Saudis obtain 'security' extraditions

Saudi Arabia has obtained the extradition of 27 people wanted on a range of "security charges", according to the Saudi news agency, SPA.

    Some people on the "wanted li"' accepted the amnesty

    Riyadh, which is battling a wave of violence, said on Sunday it had obtained the extradition of 27 Saudis wanted on security-related charges.

    "Twenty-seven Saudis wanted for security issues were handed over to the concerned security authorities by brotherly countries," a government spokesman was quoted as telling the state news agency SPA .

    No details were released about the extradition, but the spokesman said more information would be revealed "in due course".

    None of the "brotherly" countries has been named, neither has the nature of the agreements with these countries been mentioned.

    No further information regarding this development has been issued.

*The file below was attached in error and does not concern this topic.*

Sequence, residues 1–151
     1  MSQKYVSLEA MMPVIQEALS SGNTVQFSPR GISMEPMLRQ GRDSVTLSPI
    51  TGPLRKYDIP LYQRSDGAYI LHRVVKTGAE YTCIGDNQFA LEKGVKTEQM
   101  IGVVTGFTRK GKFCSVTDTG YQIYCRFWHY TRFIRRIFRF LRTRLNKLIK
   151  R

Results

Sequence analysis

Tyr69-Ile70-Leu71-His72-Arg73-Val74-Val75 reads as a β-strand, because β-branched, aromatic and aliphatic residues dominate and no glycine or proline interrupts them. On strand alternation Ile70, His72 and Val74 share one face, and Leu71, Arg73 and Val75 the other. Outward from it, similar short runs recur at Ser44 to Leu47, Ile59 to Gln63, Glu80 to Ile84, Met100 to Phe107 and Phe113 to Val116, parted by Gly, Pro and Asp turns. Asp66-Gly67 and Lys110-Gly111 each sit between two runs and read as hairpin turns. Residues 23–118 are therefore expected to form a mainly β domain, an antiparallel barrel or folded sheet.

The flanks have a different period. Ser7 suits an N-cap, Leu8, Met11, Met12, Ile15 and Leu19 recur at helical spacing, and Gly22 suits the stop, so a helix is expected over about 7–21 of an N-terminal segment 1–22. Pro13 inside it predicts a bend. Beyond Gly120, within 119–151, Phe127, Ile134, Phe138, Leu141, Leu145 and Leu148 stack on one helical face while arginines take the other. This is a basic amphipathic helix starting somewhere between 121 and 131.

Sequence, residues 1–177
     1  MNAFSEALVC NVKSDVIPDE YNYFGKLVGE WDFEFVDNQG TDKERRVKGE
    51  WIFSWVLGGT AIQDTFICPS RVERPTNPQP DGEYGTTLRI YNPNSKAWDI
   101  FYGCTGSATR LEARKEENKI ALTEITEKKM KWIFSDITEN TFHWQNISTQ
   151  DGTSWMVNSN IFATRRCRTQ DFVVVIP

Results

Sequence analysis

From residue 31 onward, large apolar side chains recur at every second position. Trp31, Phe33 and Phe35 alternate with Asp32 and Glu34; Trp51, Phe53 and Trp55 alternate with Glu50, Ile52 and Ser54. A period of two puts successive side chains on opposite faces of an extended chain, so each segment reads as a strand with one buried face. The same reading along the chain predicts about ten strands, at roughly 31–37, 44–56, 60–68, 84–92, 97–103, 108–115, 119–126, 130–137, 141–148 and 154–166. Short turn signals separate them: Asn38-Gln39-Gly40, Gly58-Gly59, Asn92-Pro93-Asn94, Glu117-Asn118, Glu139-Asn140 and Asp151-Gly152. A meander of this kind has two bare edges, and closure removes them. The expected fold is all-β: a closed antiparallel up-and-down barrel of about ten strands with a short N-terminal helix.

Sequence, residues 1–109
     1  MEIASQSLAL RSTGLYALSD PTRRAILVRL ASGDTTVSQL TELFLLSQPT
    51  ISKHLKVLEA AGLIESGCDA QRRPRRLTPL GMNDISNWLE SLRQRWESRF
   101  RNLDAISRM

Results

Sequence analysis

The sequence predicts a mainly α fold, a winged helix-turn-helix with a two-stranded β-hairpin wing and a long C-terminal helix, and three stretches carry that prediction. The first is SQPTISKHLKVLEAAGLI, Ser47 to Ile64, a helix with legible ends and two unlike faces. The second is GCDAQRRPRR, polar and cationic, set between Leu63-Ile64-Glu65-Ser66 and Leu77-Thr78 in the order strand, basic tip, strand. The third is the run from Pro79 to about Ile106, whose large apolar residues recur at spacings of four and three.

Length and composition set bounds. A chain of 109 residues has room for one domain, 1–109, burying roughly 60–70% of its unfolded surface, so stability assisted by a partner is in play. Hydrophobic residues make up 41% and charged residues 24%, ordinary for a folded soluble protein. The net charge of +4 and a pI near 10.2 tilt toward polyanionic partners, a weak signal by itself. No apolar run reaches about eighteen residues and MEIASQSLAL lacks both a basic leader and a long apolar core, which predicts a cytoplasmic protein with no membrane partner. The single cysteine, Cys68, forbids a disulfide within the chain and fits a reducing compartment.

Saudi Arabia has launched a massive crackdown against suspects blamed for a campaign of violence which has killed about 90 people and wounded hundreds since May 2003.

    The announcement came days before the expiry of a one-month royal amnesty for alleged suspects to be pardoned.

    Interior Minister Prince Nayif bin Abd Al-Aziz said last week the amnesty, issued on 23 June 2004 by King Fahd, would not be extended.

    Four Saudi's have accepted the offer, two of them in Iran and Syria.

    Khalid bin Udai bin Muhammad al-Harbi accepted the amnesty on Tuesday at the kingdom's embassy in Tehran and was then extradited to Riyadh.

    Ibrahim al-Sadiq al-Kaidi al-Harbi accepted the amnesty at the Saudi mission in Damascus and returned to the kingdom on Saturday.

    Thirteen people on the Saudi "26 most-wanted" list, issued in December, have not accepted the amnesty offer.

    SOURCE: Aljazeera + Agencies


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